House Minority Leader Nancy Pelosi began talking shortly after 10 a.m. Wednesday. Then she kept talking.

The California Democrat sought the same assurances Democrats have gotten in the Senate — the promise of debate on an immigration bill that decides the fate of “dreamers.”

The 77-year-old read multiple personal stories from dreamers and cited Bible passages. At one point, she lamented that she didn’t have a rosary, so Rep. Rosa L. DeLauro (D-Conn.) gave her one. Pelosi read passages from the Gospel of Matthew found for her by Rep. Juan Vargas (D-Calif.), a former Jesuit missionary.

Pelosi ended her eight-hour marathon speech shortly after 6 p.m. She delivered her remarks entirely standing, forbidden from sitting down or taking a restroom break, taking advantage of a rule that allows only top party leaders the special right to speak as long as they want.

‘No intention of yielding back’

Pelosi began her marathon speech by saying that she would lead opposition to a broad two-year budget agreement that includes several Democratic priorities but does not address immigration. Democrats’ support is often needed to pass spending bills in the face of opposition from fiscal conservatives.

As she spoke at 3:04 p.m., Pelosi wore four-inch heels, aides said. She had taken just a few sips of water and had unwrapped a mint left by Rep. Louise M. Slaughter (D-N.Y.), but she had yet to eat it.

At least six floor aides and 18 Democratic lawmakers sat around her, including Reps. Maxine Waters (D-Calif.), Zoe Lofgren (D-Calif.) and Jamie Raskin (D-Md.).

“I have no intention of yielding back,” Pelosi said at 3:41 p.m. Eastern as she neared the six-hour mark of her ongoing remarks.

The DACA program

The Deferred Action for Childhood Arrivals program is set to expire March 5 — a deadline President Trump set in September that has sparked months of debate about how to allow dreamers to stay in the country and make other changes to immigration policy and border security programs that Trump and Republicans want.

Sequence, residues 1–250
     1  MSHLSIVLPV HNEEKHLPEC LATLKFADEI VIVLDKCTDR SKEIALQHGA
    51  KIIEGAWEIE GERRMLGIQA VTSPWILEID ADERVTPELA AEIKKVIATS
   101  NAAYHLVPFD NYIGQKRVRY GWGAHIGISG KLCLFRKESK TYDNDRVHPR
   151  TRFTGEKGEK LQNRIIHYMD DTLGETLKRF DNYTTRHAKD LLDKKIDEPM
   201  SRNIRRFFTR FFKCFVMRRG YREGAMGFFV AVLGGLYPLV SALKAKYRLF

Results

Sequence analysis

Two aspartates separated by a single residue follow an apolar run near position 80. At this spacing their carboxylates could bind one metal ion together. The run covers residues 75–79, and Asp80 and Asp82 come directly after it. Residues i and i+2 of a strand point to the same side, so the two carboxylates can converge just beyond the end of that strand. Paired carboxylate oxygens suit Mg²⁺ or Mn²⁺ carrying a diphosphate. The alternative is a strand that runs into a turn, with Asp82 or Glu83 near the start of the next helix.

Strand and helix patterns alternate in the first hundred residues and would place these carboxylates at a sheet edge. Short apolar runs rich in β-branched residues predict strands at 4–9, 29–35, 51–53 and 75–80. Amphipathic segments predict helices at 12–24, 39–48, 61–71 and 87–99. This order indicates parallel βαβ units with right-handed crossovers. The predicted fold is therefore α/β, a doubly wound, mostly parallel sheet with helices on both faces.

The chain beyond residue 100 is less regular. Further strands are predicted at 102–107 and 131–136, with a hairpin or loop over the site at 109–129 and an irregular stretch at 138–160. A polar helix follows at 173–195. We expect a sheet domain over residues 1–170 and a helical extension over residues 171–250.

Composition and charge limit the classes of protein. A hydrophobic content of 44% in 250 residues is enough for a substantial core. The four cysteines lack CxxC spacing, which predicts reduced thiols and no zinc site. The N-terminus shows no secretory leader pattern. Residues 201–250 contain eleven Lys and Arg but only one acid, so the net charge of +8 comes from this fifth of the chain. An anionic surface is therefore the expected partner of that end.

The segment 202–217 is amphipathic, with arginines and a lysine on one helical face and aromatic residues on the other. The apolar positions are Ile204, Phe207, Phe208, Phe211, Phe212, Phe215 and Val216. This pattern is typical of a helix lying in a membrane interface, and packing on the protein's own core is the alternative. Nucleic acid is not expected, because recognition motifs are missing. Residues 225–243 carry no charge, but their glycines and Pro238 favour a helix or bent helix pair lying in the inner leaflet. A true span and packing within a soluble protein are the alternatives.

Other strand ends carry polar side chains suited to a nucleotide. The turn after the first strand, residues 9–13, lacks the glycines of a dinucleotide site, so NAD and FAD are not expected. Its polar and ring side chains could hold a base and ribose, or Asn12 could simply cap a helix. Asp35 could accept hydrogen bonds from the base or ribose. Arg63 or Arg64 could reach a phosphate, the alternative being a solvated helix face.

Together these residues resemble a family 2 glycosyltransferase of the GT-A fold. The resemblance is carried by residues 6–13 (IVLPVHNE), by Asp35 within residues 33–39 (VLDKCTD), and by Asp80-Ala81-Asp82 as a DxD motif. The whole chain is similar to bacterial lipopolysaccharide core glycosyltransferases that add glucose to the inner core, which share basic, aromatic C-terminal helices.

But Pelosi’s speech underscored that Democrats lack the leverage they insisted they would have in spending showdowns with Republicans. Pelosi and others repeatedly promised immigration activists and the party base they would force a vote sparing dreamers.

Instead, Democrats’ ineffectiveness has angered those same activists and the voters critical in a midterm election year with control of the House at stake.

Pelosi’s plan and Senate action

Pelosi decided to give her remarks late Tuesday night and gave a heads up to Senate Minority Leader Charles E. Schumer (D-N.Y.), aides said. The next morning, she called her aides on her drive to work. She instructed them to send out an all-member request for stories from dreamers and select Bible verses. By the afternoon, Democrats had submitted hundreds of stories that staffers printed out and rushed to the floor.

But while Pelosi spoke, Schumer and other Senate leaders announced an agreement that would add about $400 billion in federal spending over the next two years, delivering the military funding boost Trump demanded alongside the increase in domestic programs that Democrats sought. Majority Leader Mitch McConnell (R-Ky.) has guaranteed a vote on an immigration bill that addresses DACA.

“Why should we in the House be treated in such a humiliating way when the Republican Senate leader has given that opportunity in a bipartisan way to his membership? What’s wrong? There’s something wrong with this picture,” Pelosi said.

Aides to House Speaker Paul D. Ryan (R-Wis.) said that he intends to allow debate on immigration legislation that is supported by Trump. But when the debate might happen — and what kind of bill Trump can support — is still unclear.

Making history, without interruption

The Office of the House Historian confirmed Wednesday that Pelosi had delivered the longest-continuous speech in House history, dating back to at least 1909, when then-Rep. Champ Clark (D-Mo.) delivered five hours and 15 minutes of remarks against a tariff overhaul being debated at the time. But Clark’s speech was repeatedly interrupted by his colleagues; Pelosi held the floor the entire time with no interruption.

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